Docility toward the Magisterium is difficult for me, but docility toward the community with which I worship is even harder. After all, I can imagine that some well-educated group of old men off in the Vatican may indeed know better than a 24-year-old. But the person sitting next to me in the pew obviously does not know better than me or he wouldn’t be doing that!

And yet I know that while prophets and teachers are important, most of us, most of the time, are called to conform ourselves to our local community so that we may show in a real way the beauty of our unity.

I have always been able to  unclench my jaw and wear a head covering when I need to attend a “traditionalist parish” but in college I found it almost impossible to join hands around the altar during consecration. After all, that’s not the way it’s supposed to be done! Says who? Well, me!

My first real lesson in docility came a few years ago when I attended the same daily mass as a young traditionalist man who thought that the English liturgy should be an exact translation from the Latin. And he made certain that all of his responses were quite loud. So the priest would say “the Lord be with you” I would hear most of the congregation say “and also with you” but an equally loud voice would say “and with your spirit.” And it was extremely distracting. Suddenly the focus was on a liturgical debate rather than on the mystery we celebrated. It did not matter that I knew that this guy was simply adopting a new wording three and a half years too soon.  What mattered was that we were supposed to be worshiping together as one body, and there was one loud voice out of tune with the rest.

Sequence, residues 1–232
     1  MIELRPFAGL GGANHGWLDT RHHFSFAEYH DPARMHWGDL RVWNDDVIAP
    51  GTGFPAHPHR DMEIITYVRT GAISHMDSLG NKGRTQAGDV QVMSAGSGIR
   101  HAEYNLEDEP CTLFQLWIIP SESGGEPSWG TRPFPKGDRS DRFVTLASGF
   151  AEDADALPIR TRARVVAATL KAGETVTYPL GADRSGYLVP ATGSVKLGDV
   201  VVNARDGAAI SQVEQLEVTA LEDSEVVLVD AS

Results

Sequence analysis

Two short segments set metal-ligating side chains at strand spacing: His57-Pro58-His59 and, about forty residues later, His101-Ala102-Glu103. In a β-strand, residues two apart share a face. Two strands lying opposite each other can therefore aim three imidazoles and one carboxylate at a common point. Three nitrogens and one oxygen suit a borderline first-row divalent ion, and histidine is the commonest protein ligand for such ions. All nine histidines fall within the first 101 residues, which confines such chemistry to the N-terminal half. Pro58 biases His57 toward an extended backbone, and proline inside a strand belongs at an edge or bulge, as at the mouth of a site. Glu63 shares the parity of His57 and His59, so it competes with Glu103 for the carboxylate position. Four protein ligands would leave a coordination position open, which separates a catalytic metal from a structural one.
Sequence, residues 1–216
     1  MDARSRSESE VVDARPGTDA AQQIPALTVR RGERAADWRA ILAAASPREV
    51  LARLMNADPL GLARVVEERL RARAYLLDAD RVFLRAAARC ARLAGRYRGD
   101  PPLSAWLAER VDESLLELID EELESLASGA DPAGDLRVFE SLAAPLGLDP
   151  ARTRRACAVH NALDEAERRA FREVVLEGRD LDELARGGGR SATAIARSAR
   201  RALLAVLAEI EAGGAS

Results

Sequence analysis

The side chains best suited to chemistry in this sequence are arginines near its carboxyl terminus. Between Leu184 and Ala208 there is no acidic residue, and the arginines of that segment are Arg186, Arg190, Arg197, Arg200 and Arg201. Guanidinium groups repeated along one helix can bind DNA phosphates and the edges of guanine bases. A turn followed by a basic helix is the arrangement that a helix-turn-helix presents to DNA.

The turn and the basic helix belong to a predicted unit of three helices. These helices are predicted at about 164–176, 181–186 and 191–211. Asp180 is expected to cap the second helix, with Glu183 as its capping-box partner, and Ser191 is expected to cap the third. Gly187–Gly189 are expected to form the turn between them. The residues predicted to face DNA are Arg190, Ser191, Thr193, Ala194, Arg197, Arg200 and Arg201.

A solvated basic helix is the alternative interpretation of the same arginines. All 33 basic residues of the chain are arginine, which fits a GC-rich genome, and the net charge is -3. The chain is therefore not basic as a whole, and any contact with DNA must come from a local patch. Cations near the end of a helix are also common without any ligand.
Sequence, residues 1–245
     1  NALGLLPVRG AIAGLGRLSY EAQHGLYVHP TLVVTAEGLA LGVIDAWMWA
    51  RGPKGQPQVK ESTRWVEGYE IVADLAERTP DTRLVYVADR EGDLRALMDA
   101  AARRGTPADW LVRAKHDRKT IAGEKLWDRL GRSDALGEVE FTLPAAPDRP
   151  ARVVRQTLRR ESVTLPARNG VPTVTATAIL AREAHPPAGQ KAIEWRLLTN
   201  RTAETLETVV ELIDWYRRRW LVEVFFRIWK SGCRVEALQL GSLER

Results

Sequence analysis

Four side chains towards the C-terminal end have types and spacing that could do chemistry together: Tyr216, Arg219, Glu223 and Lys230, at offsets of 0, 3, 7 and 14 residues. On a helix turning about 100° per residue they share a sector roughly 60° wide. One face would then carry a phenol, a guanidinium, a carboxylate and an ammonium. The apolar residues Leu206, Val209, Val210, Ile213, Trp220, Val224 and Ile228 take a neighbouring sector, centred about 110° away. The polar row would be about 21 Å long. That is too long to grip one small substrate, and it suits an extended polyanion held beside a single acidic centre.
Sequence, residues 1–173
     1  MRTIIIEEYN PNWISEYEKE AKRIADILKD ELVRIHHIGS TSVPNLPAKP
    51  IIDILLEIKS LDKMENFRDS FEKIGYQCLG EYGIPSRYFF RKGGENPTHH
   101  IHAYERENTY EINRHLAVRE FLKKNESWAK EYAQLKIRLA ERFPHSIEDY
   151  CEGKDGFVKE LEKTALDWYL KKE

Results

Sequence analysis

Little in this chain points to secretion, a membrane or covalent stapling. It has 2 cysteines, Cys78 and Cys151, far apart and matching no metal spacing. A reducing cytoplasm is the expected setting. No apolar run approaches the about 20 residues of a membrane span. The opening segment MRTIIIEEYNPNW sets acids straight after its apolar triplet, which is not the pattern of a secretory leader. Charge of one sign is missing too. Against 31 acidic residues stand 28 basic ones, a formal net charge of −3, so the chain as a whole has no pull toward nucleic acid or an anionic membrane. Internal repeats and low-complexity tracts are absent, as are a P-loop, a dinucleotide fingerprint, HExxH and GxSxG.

I decided then that I did not want to be that voice for anyone else, unless absolutely necessary. And I have never found it necessary for anything other than indulging my own liturgical preferences.

The first thing that this meant for me was to be willing to change the way that I received Communion. I prefer to follow the Church’s most ancient tradition and “make a throne of my hands”  in the shape of a cross. But at this same mass the majority of the communicants obviously received on the tongue. So I asked the priest if he had a preference.  He carefully worded his response to something close to: the US is one exception to a universal rule of receiving on the tongue, and I think there is a reason for the universal rule. I saw no point in distracting others (oh look! There’s another person who cares so little about the Real Presence that she takes God in her hands!) so I began to receive on the tongue and did so until I moved to another parish.